Q: Rotating your tires is a scam by the auto manufacturers, tire companies and auto dealers. If tires cost $125 each, replace one. At the most, just replace the two front tires and later the two rear ones. If you rotate, they all wear out at once, costing you $500. The extra tread on one tire will not affect steering, braking or anything else. I am in my 80s and have never replaced more than one tire at a time. Give people the honest story.
— J.J., Bloomfield, Conn.
A: There was a time, long ago, when you may have been right. But today's vehicles are very sophisticated and uneven wheel rotational speeds, which can vary if one wheel's diameter differs from the rest, can affect such things as anti-lock brakes and automatic stability control. Rotating your tires, as you infer, makes them all wear evenly.
Q: I got an oil change recently at a tire shop and the manager told me there was a nail in the sidewall of one of my tires and that it could not be repaired. He then said that I needed to buy four new tires since my Honda is all-wheel-drive. I am not too upset since my original tires are almost due for replacement, but do you think they were trying to scam me?
— T.Q., Bluemont, Va.
A: No, they were not trying to scam you. Replacing just one tire not only affects the things we mentioned in the previous answer, but the difference in diameters continuously activates the viscous coupling for the AWD causing it to overheat and fail. You may end paying more than the cost of a couple sets of tires to replace the coupling.
Q: Good piece last week on new turbo applications. Since my first ride 45 years ago in a very tweaked turbo Corvair that humbled Mustangs of the era, I've been impressed by the turbo's potential. The critical modification which kept the pistons, heads, valves, etc. from melting under the higher boost temps was a primitive adaption of the Olds Jetfire "Rocket Fluid" alcohol water injection system and, I think, a four barrel carb setup. My question is with today's high-tech precision direct injection, engine control systems, and cheap E-85, why isn't the cooling injection and the power benefits part of the current picture?
— J.S., Elgin, Ill.
A: The simple answer is that it would affect the catalytic converter. If you boil it down, current engine controls are designed to keep the cat content so it can do its job of eliminating exhaust emissions. Currently, the most common way to keep intake air charge temperatures within reason is to install an intercooler (a heat exchanger) between to turbo and intake.
Q: I need confirmation that I'm doing this right. My 2000 Honda Accord and older Corvette do not get driven much. The Honda is driven less than 2,000 miles per year now, and the Corvette is driven less than 300 miles per year. Obviously, neither comes close to the old "3,000 miles or every 3 months" when it comes to oil changes. I change the oil in the Honda twice per year, and in the Corvette once per year (using Mobil1 — the only oil I use in any of my cars). This seems to be sufficient, but I'm wondering when the "3 month clock" starts on oil? I'm concerned that driving either car, then not even starting it again for several months may indicate a need for oil changes based on time.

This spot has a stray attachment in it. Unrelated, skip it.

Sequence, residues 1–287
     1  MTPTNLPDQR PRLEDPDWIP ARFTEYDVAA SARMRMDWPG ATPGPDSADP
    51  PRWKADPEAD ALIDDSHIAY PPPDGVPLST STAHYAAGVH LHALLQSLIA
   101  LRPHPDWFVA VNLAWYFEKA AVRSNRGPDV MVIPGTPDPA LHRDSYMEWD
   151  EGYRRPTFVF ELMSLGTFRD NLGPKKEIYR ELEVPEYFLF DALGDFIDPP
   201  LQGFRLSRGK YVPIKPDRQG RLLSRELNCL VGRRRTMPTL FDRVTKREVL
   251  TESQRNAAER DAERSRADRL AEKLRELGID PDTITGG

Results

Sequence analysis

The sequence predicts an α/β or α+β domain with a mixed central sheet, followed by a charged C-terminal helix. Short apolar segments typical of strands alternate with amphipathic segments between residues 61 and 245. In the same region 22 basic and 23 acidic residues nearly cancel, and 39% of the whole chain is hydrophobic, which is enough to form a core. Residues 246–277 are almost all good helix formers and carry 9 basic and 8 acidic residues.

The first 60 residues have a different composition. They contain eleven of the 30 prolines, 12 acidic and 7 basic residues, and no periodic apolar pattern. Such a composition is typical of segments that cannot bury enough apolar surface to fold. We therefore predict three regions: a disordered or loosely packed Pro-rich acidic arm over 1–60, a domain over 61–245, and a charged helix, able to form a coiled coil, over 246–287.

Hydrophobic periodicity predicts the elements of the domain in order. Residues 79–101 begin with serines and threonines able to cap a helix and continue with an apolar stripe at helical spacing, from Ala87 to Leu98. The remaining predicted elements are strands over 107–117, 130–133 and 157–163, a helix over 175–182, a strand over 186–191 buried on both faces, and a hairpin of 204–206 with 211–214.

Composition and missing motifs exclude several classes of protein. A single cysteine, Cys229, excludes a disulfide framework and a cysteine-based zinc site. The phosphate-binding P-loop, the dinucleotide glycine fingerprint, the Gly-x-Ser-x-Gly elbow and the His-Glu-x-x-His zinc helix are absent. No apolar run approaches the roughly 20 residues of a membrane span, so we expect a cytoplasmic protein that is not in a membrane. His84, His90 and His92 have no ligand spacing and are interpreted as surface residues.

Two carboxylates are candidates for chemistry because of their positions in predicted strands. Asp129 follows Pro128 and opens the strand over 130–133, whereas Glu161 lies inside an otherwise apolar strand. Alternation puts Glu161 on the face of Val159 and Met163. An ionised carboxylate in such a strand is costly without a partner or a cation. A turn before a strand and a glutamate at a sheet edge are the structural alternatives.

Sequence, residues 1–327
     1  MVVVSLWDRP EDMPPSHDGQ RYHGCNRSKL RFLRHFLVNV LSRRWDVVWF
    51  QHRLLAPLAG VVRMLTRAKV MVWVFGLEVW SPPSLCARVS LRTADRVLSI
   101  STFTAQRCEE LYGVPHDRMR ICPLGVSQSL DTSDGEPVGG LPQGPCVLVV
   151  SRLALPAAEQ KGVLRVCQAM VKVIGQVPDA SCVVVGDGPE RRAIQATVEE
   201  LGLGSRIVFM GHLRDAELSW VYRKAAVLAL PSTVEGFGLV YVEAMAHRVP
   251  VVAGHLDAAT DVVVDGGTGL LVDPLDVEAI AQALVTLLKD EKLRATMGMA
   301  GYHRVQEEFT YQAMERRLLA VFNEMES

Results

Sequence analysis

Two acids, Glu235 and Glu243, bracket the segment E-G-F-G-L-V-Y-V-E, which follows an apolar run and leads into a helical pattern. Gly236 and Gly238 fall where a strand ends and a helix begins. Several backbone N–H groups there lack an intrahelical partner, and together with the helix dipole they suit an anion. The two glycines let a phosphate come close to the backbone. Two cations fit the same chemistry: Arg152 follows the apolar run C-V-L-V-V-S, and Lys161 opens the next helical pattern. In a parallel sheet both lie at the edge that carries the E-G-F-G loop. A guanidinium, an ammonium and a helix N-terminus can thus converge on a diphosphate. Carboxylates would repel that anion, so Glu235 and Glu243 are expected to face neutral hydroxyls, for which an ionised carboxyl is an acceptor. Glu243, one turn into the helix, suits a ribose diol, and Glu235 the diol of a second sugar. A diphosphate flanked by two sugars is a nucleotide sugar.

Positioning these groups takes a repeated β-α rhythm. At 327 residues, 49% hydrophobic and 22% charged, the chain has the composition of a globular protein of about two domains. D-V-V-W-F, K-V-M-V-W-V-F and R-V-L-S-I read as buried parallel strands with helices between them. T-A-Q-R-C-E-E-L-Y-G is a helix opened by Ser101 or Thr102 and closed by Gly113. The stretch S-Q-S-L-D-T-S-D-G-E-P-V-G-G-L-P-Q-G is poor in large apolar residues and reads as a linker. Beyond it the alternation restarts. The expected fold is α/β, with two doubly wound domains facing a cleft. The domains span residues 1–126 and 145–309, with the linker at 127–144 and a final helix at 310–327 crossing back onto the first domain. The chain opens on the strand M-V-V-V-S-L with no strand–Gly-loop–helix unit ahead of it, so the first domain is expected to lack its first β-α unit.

— J.H., Chicago
A: It seems wasteful to change the oil every time you drive your car, which we guess is how you use them. For instance, you may take the Vette out a couple times during the summer then put it away. As such, you can simply change the oil prior to storage and it will be fine. The oil clock starts when you start the engine. Your routine has now been confirmed.
Q: Your August 26, 2012 article on plastic starter gears could have included information on preventing the problems. If someone in the family is activating the starter while the engine is running, goodbye starter gear. On a false start, double pressing the starter before the engine or starter have stopped stop spinning will also grind the plastic starter gear to shreds.
— H.R. Highland Park, Ill.
A: Yes it will, and does pretty much the same with metal gears after a few times. We cringe every time we hear someone hit the starter on a running engine. To us, it's worse than fingernails on a blackboard.
Q: I have a 2011 Honda Accord with 23,000 miles. Went to the dealer for an oil change and received their usual Recommended Services report. Under Inspection Recommendation I found "Perform automatic transmission drain and fill (Found automatic transmission fluid to be contaminated/dark - $112)." I have never heard that something like this is needed at 23,000 miles. Is the dealer trying to rip customers off pushing uneeded service? If the fluid is really contaminated shouldn't this be a part a warranty service?
— N.G., Simsbury, Conn.
A: Yes, the service advisor is trying to pad the bill and make some money for the department. Although most owner's manuals have no schedule for automatic transmission fluid changes, we still do it on our vehicles. It is a good preventive measure. But we only do so about every 50,000 or 60,000 miles. The color of the fluid is no longer a reliable indicator of its health. Fluids do not qualify for warranty replacement.
Q: Some time ago, the window for the gear selection on the instrument panel on my 2003 Buick Century quit lighting up. Everything else lights up fine. No one seems to know how to repair it. I am tired of shifting by Braille. Can you help?
— M.W., Pembrook Pines, Fla.
A: The I.P. on your car has several small lamps — light bulbs — and one may be burned out. The lamp itself is cheap and simple to replace, but getting to it requires removing the instrument cluster from the dash. Since there may be issues with the airbags, we suggest leaving this task to a qualified professional.